HELVETIA - Around 100 people traveled from all over the Mountain State-and even out of state-Saturday to celebrate Fasnacht, a traditional Swiss holiday coinciding with the beginning of Lent.
According to Helvetia's official website, "Fasnacht is the pre-lenten burning of Old Man Winter.
"It occurs on the Saturday before Ash Wednesday and is likened to Mardi Gras" and "it has its roots in the Swiss Winterfest."
The Inter-Mountain photos by Chad Clem
Jessa Fowler and Chris Swecker, of Highland County Va., wearing their Fasnacht masks. Their snowmen masks were in support of saving Old Man Winter.
The effigy of Old Man Winter hanging from the ceiling of the Community Hall. At midnight he was torn down and burned to symbolically bring about the end of winter and the beginning of spring.
In Switzerland, it takes place on Fat Tuesday the day before Ash Wednesday; however, in Helvetia, locals traditionally host the festivities the Saturday prior to Ash Wednesday.
Heidi Arnette, a resident of Helvetia, says that the event stems from an old Swiss tradition, similar to trick-or-treat, where citizens would dress up in masks to scare away Old Man Winter and welcome spring.
"We started holding Fasnacht here around 1969 as part of the village's Centennial celebration and it started small, just a few handfuls of people," Arnette says. "It wasn't until word-of-mouth spread to local colleges and communities throughout the state that it ended up growing to include hundreds of people from all over."
The event began with a visit to the Hutte Restaurant, where patrons were treated to some hospitality and some tasty Swiss cuisine, featuring a sampler plate including marinated chicken, bratwurst, sausage in tomato and wine sauce, parsleyed potatoes, sauerkraut, green beans, homemade bread and butter and peach cobbler.
Several people mingled around Star Band Hall to enjoy an open mic full of traditional Appalachian old-time music and dance, drinks, brats and fun.
But, of course, when one asks about Fasnacht, the likely response will be in regard to the elaborate-and sometimes frightening-masks and costumes used to scare away Old Man Winter. Many of the people this year took weeks or even months to create their masks using all kinds of materials.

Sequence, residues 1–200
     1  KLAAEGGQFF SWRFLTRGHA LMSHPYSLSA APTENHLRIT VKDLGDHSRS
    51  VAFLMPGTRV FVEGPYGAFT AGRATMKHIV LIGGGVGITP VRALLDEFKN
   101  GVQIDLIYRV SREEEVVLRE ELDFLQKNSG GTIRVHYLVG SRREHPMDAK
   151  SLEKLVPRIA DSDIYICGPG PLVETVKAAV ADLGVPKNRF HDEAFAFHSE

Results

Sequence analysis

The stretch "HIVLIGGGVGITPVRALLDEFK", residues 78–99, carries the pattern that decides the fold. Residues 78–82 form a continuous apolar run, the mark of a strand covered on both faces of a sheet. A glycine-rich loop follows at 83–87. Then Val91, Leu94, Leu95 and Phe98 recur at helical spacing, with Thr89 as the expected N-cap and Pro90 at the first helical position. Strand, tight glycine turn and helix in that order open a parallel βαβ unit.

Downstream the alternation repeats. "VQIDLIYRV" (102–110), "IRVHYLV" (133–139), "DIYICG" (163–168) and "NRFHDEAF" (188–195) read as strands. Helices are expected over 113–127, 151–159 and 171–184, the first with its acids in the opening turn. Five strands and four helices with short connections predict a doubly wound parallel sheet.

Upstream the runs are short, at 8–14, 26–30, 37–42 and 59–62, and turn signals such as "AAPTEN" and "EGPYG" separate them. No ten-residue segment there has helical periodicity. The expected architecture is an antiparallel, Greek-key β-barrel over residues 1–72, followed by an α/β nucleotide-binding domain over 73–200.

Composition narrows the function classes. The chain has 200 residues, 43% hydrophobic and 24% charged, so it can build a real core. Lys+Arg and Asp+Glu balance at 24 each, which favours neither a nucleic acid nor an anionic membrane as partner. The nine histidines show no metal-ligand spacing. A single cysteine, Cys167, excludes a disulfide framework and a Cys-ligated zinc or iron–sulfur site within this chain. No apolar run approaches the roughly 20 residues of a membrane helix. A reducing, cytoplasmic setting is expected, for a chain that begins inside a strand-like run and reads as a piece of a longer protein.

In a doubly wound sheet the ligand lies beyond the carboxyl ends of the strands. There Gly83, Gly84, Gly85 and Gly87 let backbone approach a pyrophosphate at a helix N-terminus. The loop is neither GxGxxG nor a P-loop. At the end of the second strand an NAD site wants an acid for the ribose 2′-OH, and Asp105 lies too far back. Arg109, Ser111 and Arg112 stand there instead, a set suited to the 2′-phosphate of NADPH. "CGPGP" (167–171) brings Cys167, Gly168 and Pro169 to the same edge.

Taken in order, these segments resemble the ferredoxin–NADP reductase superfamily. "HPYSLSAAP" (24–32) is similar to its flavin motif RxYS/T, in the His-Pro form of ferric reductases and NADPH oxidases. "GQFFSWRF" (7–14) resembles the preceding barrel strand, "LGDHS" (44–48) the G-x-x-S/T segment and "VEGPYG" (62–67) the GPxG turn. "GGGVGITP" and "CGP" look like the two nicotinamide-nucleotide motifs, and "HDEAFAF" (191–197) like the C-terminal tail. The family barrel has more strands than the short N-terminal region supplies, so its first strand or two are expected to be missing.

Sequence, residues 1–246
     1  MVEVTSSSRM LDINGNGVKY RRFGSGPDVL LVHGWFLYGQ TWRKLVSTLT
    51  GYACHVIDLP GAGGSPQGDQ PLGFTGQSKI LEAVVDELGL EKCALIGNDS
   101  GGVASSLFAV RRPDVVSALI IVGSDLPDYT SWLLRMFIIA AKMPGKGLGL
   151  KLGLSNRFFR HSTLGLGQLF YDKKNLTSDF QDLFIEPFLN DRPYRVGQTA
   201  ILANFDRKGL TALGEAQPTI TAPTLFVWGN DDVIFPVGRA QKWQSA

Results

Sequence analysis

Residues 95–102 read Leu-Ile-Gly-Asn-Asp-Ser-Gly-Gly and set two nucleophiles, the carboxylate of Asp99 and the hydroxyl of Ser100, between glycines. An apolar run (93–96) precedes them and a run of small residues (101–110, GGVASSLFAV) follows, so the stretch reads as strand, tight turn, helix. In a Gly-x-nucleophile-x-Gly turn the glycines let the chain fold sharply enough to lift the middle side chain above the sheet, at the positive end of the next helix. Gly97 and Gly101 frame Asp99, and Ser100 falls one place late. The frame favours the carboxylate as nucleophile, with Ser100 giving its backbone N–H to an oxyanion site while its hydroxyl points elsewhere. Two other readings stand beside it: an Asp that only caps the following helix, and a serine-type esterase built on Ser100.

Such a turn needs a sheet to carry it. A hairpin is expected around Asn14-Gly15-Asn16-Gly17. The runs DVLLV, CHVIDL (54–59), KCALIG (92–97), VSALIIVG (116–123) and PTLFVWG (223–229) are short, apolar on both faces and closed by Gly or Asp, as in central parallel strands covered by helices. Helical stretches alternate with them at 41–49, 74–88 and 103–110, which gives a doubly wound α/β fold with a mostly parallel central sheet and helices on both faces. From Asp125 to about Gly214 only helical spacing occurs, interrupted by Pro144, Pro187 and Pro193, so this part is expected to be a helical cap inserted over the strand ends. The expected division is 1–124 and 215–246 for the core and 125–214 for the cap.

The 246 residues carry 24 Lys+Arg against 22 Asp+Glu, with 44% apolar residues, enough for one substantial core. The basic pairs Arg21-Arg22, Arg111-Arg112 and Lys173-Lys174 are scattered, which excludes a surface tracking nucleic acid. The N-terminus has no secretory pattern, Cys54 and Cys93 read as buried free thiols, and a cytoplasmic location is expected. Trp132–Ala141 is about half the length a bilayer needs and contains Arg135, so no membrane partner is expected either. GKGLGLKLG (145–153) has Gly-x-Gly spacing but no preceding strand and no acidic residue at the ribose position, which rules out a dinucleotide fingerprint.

Wolfgang Boyer, of Lancaster Pennsylvania, created his mask out of hickory bark and deer antlers and said it took him about 2 weeks to make.
"This is my first time, and I'm loving every minute of it," Boyer said.
Buckhannon native Aaron Williams and Brooke Nantz of Morgantown dressed respectively as a rotten eggplant made of purple fabric and a crying onion, made of panty hose.
"This has become a staple for me," Williams said. "I've been here for several years now and I never miss it."
"It's crazy that something like this happens in a small place like this," said Brain Carr of Fairmont, what was experiencing Fasnacht for the first time this year. "If you blink, you'll miss it. But it's great to see people come out and enjoy small town hospitality."
At 8:30 p.m. those in costume gather in front of the Star Band Hall for the Lampion parade. Carrying candlelight lamps, they travel down the road to the Community Hall for the Masked Ball where this year's batch of masks are judged and prizes are handed out. Masks can also be donated to the Helvetia Mask Museum to be on display for patrons every year at the General Store.
Through all of the merriment in the Community Hall, the effigy of Old Man Winter hangs above from the ceiling. At midnight, Old Man Winter is torn down and burned on a large bonfire outside of the Community Hall, welcoming spring and the end of the cold winter months.
"It's an awesome celebration," Joseph White, who is originally from Helvetia said. "The people here love it as much as those that travel from out-of-state."
"The people are great; the food is great," Collette Marchesini, of Washington D.C. said. "We started coming here in 2006. Now we have two carloads of people that come along with us. We will definitely be coming back next year."
Contact Chad Clem by email at email@example.com.